While there are enough regressive elements within the country to stoke fires, overtly or covertly – Pakistan broke the unwritten code of sobriety and pacifism that usually accompanies any act of violence and bloodshed in a neighbouring country. With tempers flying high and over twenty deaths following the clashes between the protesters and the security forces, Pakistan had the opportunity to truly rewrite the standard narrative and usher in the much-needed succour from terrorism. It had three choices – one, ideally to contribute to the much-needed efforts to denounce terrorism in the sub-continent by taking a firm stand against the terror antics of the likes of Burhan Wani; second, to avoid making any statements that could vitiate the sensitive environment and remain aloof and practice non-interference in a neighbouring country; and lastly, to jump into the fray and ignite further passions with statements that reek of blatant interference and act as an agent provocateur of more bloodshed. Unfortunately, irrespective of its own tryst with terrorism and the bloody price that its citizenry pays for having supported the apparatus of terrorism – Pakistan openly baited India with provocative statements and chose to remain oblivious to a missed opportunity to truly stand against terrorism, if not for India, then for its own sake.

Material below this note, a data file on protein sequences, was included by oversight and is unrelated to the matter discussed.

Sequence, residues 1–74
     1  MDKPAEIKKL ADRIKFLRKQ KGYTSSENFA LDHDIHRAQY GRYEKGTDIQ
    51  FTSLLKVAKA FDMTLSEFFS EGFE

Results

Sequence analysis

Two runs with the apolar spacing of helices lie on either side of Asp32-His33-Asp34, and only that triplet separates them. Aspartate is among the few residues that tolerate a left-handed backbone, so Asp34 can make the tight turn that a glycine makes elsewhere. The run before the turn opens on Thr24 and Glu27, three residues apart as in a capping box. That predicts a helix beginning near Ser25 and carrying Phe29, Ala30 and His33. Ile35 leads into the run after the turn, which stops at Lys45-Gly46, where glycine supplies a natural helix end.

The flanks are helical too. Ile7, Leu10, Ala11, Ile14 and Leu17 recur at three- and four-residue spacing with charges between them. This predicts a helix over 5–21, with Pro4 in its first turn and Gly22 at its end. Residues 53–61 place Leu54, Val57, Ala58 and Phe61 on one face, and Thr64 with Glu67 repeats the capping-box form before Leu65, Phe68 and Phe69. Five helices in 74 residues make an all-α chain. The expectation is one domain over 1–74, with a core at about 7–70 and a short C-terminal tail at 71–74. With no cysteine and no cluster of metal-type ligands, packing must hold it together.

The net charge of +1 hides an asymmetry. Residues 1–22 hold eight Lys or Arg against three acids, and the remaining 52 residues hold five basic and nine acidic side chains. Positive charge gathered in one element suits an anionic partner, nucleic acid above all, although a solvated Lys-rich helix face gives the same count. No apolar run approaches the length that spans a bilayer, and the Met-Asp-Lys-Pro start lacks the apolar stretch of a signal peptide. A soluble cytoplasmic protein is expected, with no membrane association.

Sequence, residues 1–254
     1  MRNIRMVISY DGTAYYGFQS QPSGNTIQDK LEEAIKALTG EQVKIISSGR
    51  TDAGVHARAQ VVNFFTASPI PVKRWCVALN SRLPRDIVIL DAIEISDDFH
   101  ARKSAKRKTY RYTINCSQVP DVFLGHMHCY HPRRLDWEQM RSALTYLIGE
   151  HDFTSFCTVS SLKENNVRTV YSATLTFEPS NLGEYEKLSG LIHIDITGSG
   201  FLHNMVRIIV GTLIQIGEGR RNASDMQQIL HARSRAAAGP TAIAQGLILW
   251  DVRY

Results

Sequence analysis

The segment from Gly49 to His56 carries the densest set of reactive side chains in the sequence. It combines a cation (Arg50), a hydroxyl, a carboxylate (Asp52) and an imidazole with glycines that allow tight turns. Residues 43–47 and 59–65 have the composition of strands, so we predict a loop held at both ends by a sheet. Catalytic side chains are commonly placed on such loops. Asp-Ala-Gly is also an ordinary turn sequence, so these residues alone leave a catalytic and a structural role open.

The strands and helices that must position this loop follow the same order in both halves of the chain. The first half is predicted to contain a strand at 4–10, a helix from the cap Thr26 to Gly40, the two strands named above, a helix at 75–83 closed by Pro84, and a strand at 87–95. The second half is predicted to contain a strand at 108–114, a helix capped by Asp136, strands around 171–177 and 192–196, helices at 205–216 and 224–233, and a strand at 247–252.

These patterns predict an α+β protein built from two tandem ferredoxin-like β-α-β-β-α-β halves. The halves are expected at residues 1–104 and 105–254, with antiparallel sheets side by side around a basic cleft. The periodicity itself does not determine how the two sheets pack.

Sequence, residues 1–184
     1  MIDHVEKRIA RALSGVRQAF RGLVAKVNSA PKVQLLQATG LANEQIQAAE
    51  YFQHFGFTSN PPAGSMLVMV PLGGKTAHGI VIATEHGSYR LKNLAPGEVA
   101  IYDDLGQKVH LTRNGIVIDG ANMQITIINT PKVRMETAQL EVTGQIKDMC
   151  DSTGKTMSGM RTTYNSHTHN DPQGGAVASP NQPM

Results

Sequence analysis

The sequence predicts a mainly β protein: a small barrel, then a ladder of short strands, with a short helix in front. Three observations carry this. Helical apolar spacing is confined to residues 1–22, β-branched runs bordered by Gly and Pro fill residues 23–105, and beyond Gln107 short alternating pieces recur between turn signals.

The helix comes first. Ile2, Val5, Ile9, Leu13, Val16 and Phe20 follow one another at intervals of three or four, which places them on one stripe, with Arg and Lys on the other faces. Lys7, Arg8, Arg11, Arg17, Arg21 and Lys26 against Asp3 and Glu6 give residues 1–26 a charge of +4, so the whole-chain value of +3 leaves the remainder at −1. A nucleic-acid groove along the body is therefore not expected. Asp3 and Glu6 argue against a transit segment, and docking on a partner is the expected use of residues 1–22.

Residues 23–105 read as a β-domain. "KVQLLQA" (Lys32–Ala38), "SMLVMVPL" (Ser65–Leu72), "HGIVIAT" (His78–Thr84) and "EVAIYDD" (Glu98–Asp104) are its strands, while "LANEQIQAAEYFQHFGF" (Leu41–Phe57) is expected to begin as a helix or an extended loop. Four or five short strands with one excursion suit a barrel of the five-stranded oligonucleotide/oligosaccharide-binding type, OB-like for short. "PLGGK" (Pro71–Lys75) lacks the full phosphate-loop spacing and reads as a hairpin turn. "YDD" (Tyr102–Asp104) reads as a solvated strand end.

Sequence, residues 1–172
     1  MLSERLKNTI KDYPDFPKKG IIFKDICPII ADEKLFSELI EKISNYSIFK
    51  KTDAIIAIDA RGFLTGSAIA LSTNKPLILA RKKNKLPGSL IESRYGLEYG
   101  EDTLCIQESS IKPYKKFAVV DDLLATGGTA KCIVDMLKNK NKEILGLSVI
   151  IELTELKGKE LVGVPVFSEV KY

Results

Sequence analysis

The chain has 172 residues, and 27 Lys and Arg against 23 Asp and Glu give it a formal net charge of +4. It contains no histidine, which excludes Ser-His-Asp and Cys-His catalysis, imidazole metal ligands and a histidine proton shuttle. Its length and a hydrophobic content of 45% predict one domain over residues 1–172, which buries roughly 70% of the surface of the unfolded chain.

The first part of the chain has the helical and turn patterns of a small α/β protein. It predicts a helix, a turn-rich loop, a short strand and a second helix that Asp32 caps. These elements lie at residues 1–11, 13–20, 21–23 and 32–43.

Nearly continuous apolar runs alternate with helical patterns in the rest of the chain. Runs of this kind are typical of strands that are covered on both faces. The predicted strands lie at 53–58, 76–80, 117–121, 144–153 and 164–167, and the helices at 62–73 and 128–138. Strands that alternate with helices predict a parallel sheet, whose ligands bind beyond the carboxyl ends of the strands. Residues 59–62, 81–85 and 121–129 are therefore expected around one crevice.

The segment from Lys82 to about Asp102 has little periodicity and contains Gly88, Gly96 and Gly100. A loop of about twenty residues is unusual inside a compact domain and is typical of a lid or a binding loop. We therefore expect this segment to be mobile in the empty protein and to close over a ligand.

Ignoring the dignity to be prudent and non-judgmental at such times, without knowing the facts fully, they have already decided that the action in Anantnag district tantamount to “extra-judicial-killings”. This in the backdrop of multiple pending enquiries pertaining to 26/11, Pathankot etc. wherein, countless dossiers of proofs submitted have never sufficed for nailing the complicity of the perpetrators of such hate crimes, by the Pakistani authorities. Unfortunately, it wasn’t just the Jama'at-ud-Da'wah (JuD) Chief, and the 26/11 attack mastermind Hafiz Muhammad Saeed who cocked a snook at Muzzafarabad (in Pakistan Occupied Kashmir) by holding a prayer meeting in honour of Burhan Wani – but, in an unprecedented brazenness, even the Prime Minister Nawaz Sharif’s office felt it necessary to state, “It is deplorable that excessive and unlawful force was used against the civilians who were protesting against the killing of Burhan Wani. Oppressive measures cannot deter the valiant people of Jammu and Kashmir from their demand of exercising their right to self-determination in accordance with the UN Security Council resolutions”.